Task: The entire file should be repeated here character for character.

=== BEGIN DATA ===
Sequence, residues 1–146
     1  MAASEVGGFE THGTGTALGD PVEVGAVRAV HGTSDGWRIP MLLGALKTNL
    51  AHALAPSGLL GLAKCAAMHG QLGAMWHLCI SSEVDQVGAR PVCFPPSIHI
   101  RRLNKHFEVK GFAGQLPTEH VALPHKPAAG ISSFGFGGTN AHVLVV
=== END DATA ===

Sequence, residues 1–146
     1  MAASEVGGFE THGTGTALGD PVEVGAVRAV HGTSDGWRIP MLLGALKTNL
    51  AHALAPSGLL GLAKCAAMHG QLGAMWHLCI SSEVDQVGAR PVCFPPSIHI
   101  RRLNKHFEVK GFAGQLPTEH VALPHKPAAG ISSFGFGGTN AHVLVV